All in all, out of these 30K+, few will last and those will become pioneers and ‘Yoda’ for the rest of us. But i do agree, too much excitement at the valley is not necessarily a good thing. Let’s see how this fans out. Exciting stuff
Isn’t this a pretty standard evolution process for any new paradigm? I remember the time when client-server applications took off in the nineties then Java took the world by storm and so on so forth. Consistently, the early apps were sorta u can call them crude BUT people saw significant value in terms of $ savings and $ generation opportunities AND continued to keep building them by learning from the early builders.
I see exactly the same thing happening with Bots. There is very little user data available today. Outside the Silicon Valley, NYC, and few hi-tech hubs hardly anyone has heard of Bots or even considering dabbling in Bots. It is a tough sell at this time. Everyone has seen the boon and bane of apps AND now people are ready for something even simpler and easier which happens to be Bots.
The only thing that matters at this time is the momentum in the early adoption phase and if that continues then it is just matter of time when you will see BotMaps inside RoadMaps and we will be in serious business then
As a none Silicon Valley, NYC or hi-tech hub resident I can say that there is wider real-world demand and a real desire to change how consumers interact with brands.
We’re are looking at bots to both ease customer service challenges but also provide a genuinely new way to interact. I think as people get used to things like Siri (now on the Mac) and with all the press around Alexa, et.al the consumer demand will be rising in the next 12 months. I also think that its correct that people will begin to understand how to interact with them - have to learn the vocabulary to an extent.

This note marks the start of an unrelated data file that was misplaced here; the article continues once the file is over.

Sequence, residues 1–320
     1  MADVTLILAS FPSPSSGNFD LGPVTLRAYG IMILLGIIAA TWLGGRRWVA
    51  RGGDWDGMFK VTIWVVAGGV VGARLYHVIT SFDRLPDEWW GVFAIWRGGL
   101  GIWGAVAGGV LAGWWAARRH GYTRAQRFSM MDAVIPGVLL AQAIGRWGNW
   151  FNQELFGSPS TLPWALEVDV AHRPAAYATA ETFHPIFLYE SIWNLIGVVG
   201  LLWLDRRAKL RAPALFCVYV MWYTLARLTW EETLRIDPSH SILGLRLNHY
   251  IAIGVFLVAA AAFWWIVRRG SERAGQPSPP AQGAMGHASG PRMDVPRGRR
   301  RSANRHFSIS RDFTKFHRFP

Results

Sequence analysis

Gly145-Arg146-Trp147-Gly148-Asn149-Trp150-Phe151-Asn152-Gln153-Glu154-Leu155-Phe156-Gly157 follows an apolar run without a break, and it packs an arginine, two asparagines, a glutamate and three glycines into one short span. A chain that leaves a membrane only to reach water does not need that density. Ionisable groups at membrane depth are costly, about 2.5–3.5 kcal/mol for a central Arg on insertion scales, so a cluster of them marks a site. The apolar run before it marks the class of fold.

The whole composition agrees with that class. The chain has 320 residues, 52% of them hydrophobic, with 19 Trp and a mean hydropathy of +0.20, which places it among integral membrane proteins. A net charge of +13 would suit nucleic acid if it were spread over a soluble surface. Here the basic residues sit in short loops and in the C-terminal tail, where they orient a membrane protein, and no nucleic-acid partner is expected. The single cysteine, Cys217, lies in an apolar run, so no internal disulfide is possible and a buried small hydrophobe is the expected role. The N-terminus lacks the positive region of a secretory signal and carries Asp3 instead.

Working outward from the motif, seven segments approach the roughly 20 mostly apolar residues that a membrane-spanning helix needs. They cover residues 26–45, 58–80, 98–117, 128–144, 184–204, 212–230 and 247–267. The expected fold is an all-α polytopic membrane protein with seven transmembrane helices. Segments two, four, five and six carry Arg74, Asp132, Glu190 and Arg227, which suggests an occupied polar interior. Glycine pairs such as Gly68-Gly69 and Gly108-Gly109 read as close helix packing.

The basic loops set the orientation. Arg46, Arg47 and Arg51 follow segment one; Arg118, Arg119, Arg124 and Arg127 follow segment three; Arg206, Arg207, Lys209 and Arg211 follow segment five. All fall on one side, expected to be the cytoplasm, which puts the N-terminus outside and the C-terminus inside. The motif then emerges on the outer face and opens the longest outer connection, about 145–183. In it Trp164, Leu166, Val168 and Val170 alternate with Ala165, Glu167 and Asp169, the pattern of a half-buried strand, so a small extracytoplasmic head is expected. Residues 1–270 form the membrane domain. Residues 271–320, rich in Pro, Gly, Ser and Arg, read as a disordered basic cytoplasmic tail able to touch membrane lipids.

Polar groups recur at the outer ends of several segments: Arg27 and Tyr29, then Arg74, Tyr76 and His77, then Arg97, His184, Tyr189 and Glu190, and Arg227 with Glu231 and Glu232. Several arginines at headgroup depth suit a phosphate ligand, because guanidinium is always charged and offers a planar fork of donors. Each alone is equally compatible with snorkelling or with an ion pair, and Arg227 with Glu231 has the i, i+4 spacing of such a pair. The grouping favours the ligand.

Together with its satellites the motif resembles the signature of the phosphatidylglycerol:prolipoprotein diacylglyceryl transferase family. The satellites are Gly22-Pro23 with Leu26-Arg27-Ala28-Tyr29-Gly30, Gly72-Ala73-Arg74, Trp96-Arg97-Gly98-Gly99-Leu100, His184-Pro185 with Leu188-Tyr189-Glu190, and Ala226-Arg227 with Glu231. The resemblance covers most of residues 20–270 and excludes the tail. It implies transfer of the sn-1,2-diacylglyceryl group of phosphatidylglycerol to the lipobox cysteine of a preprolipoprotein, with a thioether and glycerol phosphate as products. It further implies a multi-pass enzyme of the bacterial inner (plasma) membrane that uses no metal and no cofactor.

It’ll be those little adjustments we make in interaction, the increasing sophistication of the bots and the wider exposure to chat/voice interfaces for consumers that will create the perfect storm.
I am neither embarrassed, nor surprised. Any new technology is embraced by engineers first, by designers second. Once we can attract enough UX/UI Design talent to the field of CUI (Conversational UI), we will see better bots. Bots are not so much a technology problem as they are a design problem.
Or as Alan Cooper said it:
“There’s a fundamental problem with how the software business does things. We’re asking people who are masters of hard-edged technology to design the soft, human side of software as well. As a result, they make products that are really cool - if you happen to be a software engineer.”
I agree on the demand side. We are seeing tremendous interest from enterprises all over the world to have bots help with customer service.
Interesting point about us and the bots meeting somewhere in the middle re “interaction language”…
I’m jealous- I’m all the way in Austin, which is still very tech centric, but most people give me the side-eye when I start going off on my bot crazy talk!